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Nipah scare, don’t trust local brews: Experts

Nipah scare, don’t trust local brews: Experts

Mangalore Today News Network

Mangaluru, May 25, 2018: Some of the ‘home remedies’ against the Nipah virus (NiV) doing the rounds on social media are like : Boil six leaves of night-blooming jasmine(parijatha) in 200ml of water and prepare a 100ml kashaya. Add black pepper powder and three drops of lime juice. Consume the mixture thrice or four times a day; consume honey with onion extract regularly.


NipahWhile researchers are yet to find a cure for the deadly virus, messages on the ‘power of Indian herbs’ has caught the attention of social media users, especially WhatsApp.

“These home remedies should be condemned outright,” said Dr Srinivas Kakkilaya, a consultant physician. “Nipah is a serious infection involving the brain and it causes encephalitis. Such patients need immediate hospitalisation and intensive care. Most patients require artificial ventilation until the virus subsides.

Kakkilaya claimed only one antiviral drug has proven effective so far. According to newspaper reports, the Kerala government has procured 2,000 such tablets and has ordered for another 8,000 tablets.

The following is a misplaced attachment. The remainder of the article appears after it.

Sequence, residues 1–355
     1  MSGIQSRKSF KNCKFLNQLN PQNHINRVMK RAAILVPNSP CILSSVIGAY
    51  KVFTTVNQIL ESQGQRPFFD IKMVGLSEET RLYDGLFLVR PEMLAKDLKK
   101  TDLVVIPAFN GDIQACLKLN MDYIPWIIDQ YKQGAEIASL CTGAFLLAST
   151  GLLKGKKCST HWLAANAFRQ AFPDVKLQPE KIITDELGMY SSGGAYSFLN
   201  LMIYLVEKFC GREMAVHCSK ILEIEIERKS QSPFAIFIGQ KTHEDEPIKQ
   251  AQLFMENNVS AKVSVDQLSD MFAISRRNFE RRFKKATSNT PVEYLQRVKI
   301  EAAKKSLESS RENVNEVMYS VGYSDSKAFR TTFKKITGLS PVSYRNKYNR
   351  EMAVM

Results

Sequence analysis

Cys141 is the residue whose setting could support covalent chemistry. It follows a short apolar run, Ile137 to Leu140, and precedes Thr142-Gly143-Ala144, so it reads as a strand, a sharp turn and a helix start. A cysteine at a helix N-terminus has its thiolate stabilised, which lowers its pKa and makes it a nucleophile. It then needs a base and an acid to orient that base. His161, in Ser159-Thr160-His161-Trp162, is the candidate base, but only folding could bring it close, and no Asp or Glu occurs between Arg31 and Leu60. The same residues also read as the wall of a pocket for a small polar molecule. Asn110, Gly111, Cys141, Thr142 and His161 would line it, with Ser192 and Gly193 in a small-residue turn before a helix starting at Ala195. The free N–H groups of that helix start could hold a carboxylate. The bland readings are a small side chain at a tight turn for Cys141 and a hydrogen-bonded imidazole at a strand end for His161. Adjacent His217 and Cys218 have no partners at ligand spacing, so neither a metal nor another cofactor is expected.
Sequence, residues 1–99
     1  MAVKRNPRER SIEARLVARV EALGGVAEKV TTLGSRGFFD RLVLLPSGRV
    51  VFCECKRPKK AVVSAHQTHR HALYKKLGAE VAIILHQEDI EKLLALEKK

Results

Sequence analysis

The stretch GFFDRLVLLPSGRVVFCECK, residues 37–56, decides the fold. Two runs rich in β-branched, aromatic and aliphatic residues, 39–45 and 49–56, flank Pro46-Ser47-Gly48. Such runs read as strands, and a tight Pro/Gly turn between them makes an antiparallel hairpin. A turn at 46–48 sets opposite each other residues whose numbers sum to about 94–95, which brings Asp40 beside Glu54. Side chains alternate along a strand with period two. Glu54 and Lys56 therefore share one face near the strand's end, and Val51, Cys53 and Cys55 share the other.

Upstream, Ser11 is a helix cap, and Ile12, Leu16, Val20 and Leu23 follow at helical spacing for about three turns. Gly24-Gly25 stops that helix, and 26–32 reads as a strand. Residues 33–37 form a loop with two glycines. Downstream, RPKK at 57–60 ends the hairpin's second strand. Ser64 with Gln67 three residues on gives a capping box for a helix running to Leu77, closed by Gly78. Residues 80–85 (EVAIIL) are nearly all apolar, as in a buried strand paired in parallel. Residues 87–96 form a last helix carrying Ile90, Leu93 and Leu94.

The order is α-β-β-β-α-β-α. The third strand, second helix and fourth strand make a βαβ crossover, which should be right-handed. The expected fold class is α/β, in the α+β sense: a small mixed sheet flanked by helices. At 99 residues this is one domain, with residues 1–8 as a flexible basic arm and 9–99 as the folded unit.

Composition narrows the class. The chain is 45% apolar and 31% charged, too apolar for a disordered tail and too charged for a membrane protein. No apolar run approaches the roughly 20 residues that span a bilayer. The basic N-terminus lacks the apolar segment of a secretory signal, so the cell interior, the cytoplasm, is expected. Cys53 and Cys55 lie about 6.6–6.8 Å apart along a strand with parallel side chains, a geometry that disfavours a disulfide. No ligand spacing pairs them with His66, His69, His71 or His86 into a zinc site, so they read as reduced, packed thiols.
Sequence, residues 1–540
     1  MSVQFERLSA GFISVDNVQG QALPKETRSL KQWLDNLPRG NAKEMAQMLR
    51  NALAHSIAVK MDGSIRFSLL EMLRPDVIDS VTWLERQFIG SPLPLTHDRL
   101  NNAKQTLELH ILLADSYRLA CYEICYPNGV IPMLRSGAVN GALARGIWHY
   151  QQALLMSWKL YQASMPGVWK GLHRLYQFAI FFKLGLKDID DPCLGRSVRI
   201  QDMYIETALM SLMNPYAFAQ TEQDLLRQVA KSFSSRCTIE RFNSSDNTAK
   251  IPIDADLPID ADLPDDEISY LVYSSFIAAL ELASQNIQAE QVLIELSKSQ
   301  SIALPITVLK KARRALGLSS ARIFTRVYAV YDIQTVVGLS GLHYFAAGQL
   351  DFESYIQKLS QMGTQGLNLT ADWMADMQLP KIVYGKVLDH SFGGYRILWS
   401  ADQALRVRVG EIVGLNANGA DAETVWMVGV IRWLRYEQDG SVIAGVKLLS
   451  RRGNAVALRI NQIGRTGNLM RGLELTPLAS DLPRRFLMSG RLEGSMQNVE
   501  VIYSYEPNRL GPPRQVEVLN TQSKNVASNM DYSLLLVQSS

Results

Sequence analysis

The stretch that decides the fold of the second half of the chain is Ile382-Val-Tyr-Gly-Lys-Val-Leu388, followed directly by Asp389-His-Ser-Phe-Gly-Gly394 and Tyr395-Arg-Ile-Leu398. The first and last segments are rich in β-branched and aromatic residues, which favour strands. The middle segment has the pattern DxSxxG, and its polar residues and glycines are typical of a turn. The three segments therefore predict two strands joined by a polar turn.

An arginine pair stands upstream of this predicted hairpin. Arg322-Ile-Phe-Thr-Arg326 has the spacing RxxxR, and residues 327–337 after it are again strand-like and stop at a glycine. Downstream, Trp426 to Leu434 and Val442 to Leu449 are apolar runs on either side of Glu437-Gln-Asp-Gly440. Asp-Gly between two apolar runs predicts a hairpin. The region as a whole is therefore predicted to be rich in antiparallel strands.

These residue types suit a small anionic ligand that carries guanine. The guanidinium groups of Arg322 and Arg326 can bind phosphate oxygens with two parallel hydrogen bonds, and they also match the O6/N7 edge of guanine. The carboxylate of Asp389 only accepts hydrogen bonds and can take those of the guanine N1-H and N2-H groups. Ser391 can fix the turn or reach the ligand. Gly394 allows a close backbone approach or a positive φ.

Mangalore based, Dr Edmond Fernandes, CEO, CHD Group, also rubbished the home remedies. “Let alone any home remedy, there is no treatment for NiV,” he said. He urged the public not to believe such messages and refrain from circulating them.

“The messages circulating on social media and also the promotion of alternative forms of medicine to cure NiV must be ignored,” Dr. Fernandes said. “Any development of illness during such times is best attended to by the medical community only.”

Ayurvedic doctors, too, said there is no treatment as yet for NiV. “Any medicine has to satisfy certain criteria to be released in the market. There is no treatment for NiV in Ayurveda as yet,” Dr Gautham Alva of Alva’s Ayur Care said.

The first known case of Nipah transmission to human was reported in the late 1990s. So far, around 600 such cases have been reported across the world. The previous two outbreaks reported in the country – Siliguri in 2001 and Nadia in 2007 – saw a fatality rate of 68% and 100% respectively. The average mortality rate in these 600-odd cases is between 50% and 70%.

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